It has been a record year for SPACs or special purpose acquisition companies — sometimes called “blank-check companies” — that go public as cash shells, with sponsors later identifying an operating business to merge with.
More than 115 initial SPAC public offerings have raised nearly $44 billion — more than the past five years combined, according to data from SPAC Insider, Barons reported.
The Defiance NextGen SPAC Derived exchange-traded fund made its debut Oct. 1 on the New York Stock Exchange under the ticker SPAK. The launch is a new way for investors to play the booming market, Barrons reported.
Some of the best-performing stocks of 2020 were the result of SPAC mergers. Those include Virgin Galactic and DraftKings. Electric vehicle SPAC Nikola was kicked off the Indxx SPAC & NextGen in late September.
The boom in special purpose acquisition companies isn’t just a passing fad, according to private equity investor Joshua Harris, co-founder of Apollo Global Management.
SPACs are filling a needed role for companies that are closing in on going public, Harris said at the Delivering Alpha conference presented by CNBC and Institutional Investor.
Apollo has raised its own SPACs and exited its position in companies through the blank check vehicles, Harris said.
A rush of SPACs outpaced traditional IPOs in money raised in July and August, pushing SPACs from 3 percent of the market to 20 percent during the recent surge, Harris said.
Here’s how SPACs work, according to CNBC: The investment vehicles go public through their own IPOs, then use their cash to do a reverse merger with a private firm. The publicly traded shares of the SPAC then become the shares of the formerly private company.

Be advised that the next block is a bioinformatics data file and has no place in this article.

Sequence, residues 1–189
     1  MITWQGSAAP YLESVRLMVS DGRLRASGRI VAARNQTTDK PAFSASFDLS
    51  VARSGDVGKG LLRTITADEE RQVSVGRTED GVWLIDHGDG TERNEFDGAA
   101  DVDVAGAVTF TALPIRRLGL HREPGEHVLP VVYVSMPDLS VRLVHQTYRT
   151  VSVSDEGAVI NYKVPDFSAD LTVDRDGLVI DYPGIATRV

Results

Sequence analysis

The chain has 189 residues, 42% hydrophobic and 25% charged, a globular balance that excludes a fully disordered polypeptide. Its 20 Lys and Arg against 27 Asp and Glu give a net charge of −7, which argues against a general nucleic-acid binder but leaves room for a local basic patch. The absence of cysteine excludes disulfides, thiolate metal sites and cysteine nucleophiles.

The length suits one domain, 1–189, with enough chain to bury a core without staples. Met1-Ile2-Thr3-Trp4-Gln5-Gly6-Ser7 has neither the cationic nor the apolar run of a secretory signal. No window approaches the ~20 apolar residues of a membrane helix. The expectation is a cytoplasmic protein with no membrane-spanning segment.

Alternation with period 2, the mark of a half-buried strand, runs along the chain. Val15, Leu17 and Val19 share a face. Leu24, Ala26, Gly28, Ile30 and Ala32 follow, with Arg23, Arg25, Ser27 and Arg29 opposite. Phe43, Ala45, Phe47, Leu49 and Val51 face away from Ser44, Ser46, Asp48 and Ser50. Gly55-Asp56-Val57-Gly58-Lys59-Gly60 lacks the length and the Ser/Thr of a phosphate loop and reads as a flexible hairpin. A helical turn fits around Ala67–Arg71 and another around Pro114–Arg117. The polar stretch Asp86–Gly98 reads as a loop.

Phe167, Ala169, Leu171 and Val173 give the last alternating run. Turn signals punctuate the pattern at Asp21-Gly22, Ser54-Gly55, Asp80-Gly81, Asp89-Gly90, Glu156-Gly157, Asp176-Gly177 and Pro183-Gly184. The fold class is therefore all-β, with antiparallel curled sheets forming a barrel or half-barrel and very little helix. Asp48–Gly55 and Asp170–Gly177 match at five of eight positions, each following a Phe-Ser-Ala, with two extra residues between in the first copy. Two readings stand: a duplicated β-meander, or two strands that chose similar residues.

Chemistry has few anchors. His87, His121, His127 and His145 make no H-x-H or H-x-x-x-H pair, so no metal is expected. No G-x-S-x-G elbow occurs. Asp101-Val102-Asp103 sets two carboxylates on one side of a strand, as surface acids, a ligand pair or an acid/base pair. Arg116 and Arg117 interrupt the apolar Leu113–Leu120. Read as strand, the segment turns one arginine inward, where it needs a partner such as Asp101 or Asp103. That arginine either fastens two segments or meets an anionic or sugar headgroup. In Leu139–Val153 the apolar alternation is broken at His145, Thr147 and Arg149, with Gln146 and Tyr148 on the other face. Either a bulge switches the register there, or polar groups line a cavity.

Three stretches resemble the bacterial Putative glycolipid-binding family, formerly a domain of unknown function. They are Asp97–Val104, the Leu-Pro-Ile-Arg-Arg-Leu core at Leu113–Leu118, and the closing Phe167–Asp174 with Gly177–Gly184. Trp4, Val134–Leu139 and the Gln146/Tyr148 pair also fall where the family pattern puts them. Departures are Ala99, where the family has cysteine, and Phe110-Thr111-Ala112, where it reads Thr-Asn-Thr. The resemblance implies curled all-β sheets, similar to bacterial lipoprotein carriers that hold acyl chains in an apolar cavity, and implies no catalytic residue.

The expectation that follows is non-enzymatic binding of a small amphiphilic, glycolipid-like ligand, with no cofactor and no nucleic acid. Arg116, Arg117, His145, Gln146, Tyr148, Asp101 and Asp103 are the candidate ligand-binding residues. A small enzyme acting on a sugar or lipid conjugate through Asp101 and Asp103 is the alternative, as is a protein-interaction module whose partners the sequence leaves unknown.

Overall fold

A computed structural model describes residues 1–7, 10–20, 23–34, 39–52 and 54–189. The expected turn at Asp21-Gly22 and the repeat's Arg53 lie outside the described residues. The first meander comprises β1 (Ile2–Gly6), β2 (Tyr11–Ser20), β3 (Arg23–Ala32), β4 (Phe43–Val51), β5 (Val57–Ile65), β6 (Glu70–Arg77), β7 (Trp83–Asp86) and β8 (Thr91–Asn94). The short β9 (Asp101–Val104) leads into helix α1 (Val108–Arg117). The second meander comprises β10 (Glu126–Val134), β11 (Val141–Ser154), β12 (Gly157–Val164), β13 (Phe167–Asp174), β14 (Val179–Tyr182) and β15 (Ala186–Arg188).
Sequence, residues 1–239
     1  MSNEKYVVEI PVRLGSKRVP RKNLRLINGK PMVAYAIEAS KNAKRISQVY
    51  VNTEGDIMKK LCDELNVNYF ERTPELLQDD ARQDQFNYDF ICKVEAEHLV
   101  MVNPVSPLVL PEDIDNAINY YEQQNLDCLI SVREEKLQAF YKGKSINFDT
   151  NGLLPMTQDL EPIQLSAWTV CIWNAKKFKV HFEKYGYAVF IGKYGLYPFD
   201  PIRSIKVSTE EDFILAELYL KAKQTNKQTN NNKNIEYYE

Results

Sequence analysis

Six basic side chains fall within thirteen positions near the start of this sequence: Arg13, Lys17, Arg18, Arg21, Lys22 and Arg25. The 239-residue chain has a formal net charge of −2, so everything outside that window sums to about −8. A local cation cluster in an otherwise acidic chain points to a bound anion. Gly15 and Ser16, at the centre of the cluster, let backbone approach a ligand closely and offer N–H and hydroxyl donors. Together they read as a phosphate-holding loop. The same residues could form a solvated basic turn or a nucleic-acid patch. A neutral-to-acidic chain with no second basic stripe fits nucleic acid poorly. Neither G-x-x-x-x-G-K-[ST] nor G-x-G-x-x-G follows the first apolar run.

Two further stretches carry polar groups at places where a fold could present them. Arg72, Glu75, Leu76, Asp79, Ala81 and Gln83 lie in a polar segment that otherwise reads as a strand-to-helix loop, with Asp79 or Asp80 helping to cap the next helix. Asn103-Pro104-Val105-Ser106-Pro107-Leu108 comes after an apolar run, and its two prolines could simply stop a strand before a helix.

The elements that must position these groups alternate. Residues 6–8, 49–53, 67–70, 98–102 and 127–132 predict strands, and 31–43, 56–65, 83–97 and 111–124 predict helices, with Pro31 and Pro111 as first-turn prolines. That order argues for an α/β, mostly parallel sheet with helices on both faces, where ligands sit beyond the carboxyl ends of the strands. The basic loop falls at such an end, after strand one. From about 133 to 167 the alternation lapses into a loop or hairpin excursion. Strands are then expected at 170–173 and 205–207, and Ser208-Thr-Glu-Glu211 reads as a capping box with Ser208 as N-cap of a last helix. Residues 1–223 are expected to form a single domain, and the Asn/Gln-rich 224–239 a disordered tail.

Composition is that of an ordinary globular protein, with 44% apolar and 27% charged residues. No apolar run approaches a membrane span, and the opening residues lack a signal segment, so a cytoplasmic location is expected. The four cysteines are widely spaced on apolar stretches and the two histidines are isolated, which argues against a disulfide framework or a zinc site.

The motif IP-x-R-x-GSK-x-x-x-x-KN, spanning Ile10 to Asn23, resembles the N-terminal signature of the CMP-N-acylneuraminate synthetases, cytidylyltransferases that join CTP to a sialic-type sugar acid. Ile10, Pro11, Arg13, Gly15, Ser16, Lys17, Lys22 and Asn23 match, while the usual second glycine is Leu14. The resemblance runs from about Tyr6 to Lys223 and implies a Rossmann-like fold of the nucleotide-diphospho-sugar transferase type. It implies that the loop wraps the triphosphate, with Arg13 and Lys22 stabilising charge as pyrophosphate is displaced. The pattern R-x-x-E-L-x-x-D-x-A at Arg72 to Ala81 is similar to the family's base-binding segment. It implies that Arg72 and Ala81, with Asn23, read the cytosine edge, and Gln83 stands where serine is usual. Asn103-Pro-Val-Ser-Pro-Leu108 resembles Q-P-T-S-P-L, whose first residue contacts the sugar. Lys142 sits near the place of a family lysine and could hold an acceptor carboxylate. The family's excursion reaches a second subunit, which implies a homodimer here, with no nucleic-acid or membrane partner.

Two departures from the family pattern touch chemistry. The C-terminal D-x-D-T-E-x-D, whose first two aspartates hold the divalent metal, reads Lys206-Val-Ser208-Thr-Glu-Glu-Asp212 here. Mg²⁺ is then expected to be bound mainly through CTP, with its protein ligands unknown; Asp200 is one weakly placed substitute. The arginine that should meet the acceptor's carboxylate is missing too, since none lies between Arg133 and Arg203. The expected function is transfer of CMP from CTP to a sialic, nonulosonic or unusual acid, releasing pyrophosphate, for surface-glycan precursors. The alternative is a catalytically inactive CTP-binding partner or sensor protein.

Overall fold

“Since time immemorial cash shell listing booms have heralded fraud and collapse,” Financial Times reported. This one is different.
Famous bubble companies throughout history were set up for people to invest in “an undertaking of great advantage, but nobody to know what it is,” Merryn Somerset Webb wrote for Financial Times.
“My personal favorites include undertakings for ‘paving the streets of London’, ‘importing walnut trees from Virginia, and ‘extracting silver from lead,'” Webb wrote.
Nothing says bubble collapse coming quite like a cash shell boom. Which brings us to today’s SPACs … listed shells that hold no operating businesses but intend to acquire them. There were seven U.S. SPAC listings in 2010; there have been more than 100 in 2020, including a $4 billion launch from hedge fund billionaire Bill Ackman.”Merryn Somerset Webb, editor-in-chief of Moneyweek
There is good reason to worry we may be in a bubble again, Webb wrote. She lists these reasons:
Electric vehicle startups such as Nikola are turning to blank-check-firm SPACs as a way to go public and raise fast cash, CNBC reported.
After Nikola went public in June, at least three other aspiring automakers – none that had actually produced a product for sale – announced similar deals.
Nikola went public on June 4 by merging with former GM chairman Steve Girsky’s VectoIQ. VectoIQ had 24 months to make an acquisition or Girsky was going to have to give investors their money back, according to SEC documents from 2018, The Verge reported.
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VectoIQ effectively made Nikola a public company by buying it. At first, everything looked good. The share price spiked to $93.99, more than double its value. “At one point Nikola had a market capitalization above Ford’s, despite the fact that the electric vehicle maker said it would not generate revenue until 2021,” CNBC reported.
On Sept. 10, short-seller Hindenburg Capital released a report entitled “Nikola: How to Parlay An Ocean of Lies Into a Partnership With the Largest Auto OEM in America.” The report echoed a June Bloomberg article suggesting that Nikola founder, Trevor Milton, exaggerated the company’s capabilities in a video demo of a Nikola semi-truck. Milton stepped down on Sept. 21.
The SEC is investigating, The Verge reported.
The American Bar Association predicts an uptick in SPAC-related lawsuits — “not what I would call a good sign,” Elizabeth Lopatto wrote for The Verge.
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